“We see jets coming out from most of baby stars, like a train of bullets speeding down along the rotational axis of the accretion disks. We always wonder what their role is. Are they spinning, as expected in current models of jet launching? However, since the jets are very narrow and their spinning motion is very small, we had not been able to confirm their spinning motion. Now using the ALMA with its unprecedented combination of spatial and velocity resolutions, we not only resolve a jet near a protostar down to 10 AU but also detect its spinning motion”, says Chin-Fei Lee at ASIAA. “It looks like a baby star spits a spinning bullet each time it takes a bite of a space hamburger.”

“The central problem in forming a star is the angular momentum in the accretion disk which prevents material from falling into the central protostar. Now with the jet carrying away the excess angular momentum from the material in the innermost region of the disk, the material can readily fall into the central protostar from the disk”, says Paul Ho at ASIAA.

Previous observations of HH212 at a spatial resolution of 140 au could not confirm a rotation for the jet. Now with ALMA at a resolution of 8 au, which is about 17 times higher, we zoom in to the innermost part of the jet down to within 10 au of the central protostar and find a jet rotation. The angular momentum is so small that the jet has to be launched from the innermost region of the disk at about 0.05 au from the central protostar, well consistent with current models of the jet launching.

This new finding indicates that the jet indeed carries away part of the angular momentum (rotational momentum) from the material in the innermost region of the accretion disk (space hamburger), which is rotating around the central protostar. This reduces the rotation of the material there, allowing the disk to feed the central protostar.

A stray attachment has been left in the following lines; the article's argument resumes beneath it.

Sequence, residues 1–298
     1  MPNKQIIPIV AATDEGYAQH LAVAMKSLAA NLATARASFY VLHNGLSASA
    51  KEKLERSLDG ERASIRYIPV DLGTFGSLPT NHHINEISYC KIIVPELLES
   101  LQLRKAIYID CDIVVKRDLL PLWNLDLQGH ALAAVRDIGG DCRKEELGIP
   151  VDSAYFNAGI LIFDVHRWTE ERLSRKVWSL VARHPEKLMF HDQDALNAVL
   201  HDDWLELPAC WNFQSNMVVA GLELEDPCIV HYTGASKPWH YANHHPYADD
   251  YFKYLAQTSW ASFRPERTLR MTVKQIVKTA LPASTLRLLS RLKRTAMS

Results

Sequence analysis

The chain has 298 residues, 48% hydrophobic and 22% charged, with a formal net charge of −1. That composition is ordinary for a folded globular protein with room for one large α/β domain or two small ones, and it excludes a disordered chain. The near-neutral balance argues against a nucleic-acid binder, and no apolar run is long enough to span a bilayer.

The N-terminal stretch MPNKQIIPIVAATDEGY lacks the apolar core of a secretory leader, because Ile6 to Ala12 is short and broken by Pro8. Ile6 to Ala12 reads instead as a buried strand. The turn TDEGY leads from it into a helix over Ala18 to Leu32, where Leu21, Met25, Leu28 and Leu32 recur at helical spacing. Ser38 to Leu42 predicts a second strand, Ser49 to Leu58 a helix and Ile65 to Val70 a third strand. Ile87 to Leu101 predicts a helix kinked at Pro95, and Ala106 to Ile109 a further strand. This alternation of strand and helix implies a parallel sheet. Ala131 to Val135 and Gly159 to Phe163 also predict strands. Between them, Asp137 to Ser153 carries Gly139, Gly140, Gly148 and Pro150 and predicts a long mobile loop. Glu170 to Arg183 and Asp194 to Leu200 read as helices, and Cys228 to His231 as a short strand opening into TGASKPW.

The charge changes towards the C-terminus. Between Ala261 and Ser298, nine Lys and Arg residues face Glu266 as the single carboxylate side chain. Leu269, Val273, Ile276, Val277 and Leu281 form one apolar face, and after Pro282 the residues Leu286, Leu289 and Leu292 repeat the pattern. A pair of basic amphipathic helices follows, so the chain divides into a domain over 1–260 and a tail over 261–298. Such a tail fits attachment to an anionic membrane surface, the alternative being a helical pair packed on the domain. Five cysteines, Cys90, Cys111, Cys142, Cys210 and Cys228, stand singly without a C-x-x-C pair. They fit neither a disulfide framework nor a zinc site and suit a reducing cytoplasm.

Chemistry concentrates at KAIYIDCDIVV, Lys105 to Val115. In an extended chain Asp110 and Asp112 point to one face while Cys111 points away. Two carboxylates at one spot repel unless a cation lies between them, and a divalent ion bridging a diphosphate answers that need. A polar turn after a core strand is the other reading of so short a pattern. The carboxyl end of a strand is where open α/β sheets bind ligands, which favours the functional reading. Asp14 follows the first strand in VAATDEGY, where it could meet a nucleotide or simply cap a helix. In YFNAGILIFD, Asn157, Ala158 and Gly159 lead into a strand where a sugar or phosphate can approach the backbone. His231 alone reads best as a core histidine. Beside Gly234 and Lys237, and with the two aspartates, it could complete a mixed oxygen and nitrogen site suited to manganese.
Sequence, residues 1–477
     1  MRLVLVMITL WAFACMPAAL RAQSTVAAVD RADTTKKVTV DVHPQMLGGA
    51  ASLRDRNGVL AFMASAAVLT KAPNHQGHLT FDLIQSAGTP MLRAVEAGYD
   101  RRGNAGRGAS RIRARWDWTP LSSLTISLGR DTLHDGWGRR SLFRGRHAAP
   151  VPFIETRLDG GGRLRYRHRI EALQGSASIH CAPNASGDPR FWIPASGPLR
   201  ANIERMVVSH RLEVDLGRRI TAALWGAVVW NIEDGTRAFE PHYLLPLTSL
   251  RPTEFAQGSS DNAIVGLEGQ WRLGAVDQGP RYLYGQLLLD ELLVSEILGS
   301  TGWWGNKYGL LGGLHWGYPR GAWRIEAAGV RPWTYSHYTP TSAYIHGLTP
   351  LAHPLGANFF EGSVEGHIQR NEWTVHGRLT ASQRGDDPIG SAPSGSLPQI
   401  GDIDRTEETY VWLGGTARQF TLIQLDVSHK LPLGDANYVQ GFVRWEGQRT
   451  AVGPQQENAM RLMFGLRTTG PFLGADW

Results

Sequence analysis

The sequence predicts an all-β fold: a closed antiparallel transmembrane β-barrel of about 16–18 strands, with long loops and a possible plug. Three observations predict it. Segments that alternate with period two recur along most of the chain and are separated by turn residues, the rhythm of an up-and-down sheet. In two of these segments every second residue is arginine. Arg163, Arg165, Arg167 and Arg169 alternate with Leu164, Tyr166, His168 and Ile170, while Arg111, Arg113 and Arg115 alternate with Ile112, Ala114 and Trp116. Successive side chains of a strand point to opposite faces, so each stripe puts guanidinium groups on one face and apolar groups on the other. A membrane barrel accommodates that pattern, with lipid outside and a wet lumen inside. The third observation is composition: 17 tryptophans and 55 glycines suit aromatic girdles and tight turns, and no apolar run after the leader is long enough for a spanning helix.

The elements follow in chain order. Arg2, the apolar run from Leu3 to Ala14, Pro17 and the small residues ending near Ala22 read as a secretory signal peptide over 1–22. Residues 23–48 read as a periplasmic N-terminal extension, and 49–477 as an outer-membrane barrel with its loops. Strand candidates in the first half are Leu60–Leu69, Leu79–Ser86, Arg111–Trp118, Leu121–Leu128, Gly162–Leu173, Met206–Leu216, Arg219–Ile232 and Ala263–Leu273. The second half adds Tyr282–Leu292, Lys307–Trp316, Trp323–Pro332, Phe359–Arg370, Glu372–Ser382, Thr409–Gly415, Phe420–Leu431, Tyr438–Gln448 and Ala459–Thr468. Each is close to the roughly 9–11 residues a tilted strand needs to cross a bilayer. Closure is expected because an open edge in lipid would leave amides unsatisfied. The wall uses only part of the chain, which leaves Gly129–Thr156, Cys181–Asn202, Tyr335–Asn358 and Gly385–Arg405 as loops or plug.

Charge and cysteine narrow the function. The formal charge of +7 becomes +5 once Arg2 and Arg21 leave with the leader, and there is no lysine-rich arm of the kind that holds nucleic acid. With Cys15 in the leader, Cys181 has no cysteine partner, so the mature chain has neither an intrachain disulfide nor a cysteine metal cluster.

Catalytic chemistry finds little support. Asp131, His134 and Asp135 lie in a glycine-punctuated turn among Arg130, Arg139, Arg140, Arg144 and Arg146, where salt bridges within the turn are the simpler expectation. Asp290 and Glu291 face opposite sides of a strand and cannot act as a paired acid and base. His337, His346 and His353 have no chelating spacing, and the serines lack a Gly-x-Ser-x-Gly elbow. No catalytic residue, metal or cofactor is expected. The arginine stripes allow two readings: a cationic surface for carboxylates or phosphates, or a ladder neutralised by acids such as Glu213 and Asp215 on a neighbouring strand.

Jet and disk in the HH 212 protostellar system: (a) Molecular jet (green image) ejected from the innermost part of the accretion disk (orange image), observed with ALMA at a resolution of 8 AU. A dark lane is seen in the disk equator, causing the disk to appear as a “hamburger”. A size scale of our solar system is shown in the lower right corner for size comparison. (b) Split of the redshifted (turning away from us) and blueshifted (turning toward us) emission of the jet in order to show the spinning motion of the jet, as indicated by the green arrows. Blue and red arrows show the rotation of the disk, which has a direction the same as the jet rotation.
Credit: ALMA (ESO/NAOJ/NRAO)/Lee et al.

Paper and research team
The research result on protostellar jet were published as Lee et al. “A rotating protostellar jet launched from the innermost disk of HH 212” in Nature Astronomy on June 12, 2017.
The research result on complex organic molecules were published as Lee et al. “Formation and Atmosphere of Complex Organic Molecules of the HH 212 Protostellar Disk” in the Astrophysical Journal on July 1, 2017.

The research team members are:
Chin-Fei Lee (ASIAA) Zhi-Yun Li (University of Virginia), Paul T. P. Ho (East Asia Observatory/ASIAA), Naomi Hirano (ASIAA), Qizhou Zhanb (Harvard-Smithsonian Center for Astrophysics), Hsien Shang (ASIAA)

1 The team led by Chin-Fei Lee observed HH212 with ALMA and found the Hamburger-like dusty disk.
2 ALMA has found complex organic molecules around a protostar IRAS 16293-2422. See “Sweet Result from ALMA – Building blocks of life found around young star” and ”ALMA Finds Ingredient of Life Around Infant Sun-like Stars.”
3 A research team led by Tomoya Hirota at the National Astronomical Observatory of Japan obtained clear evidence of rotation in the gas outflow from a massive baby star Orion KL Source I with ALMA. Combining two results, gas jets and outflows have a crucial role in removing the rotational momentum both in low-mass and high-mass star formation processes.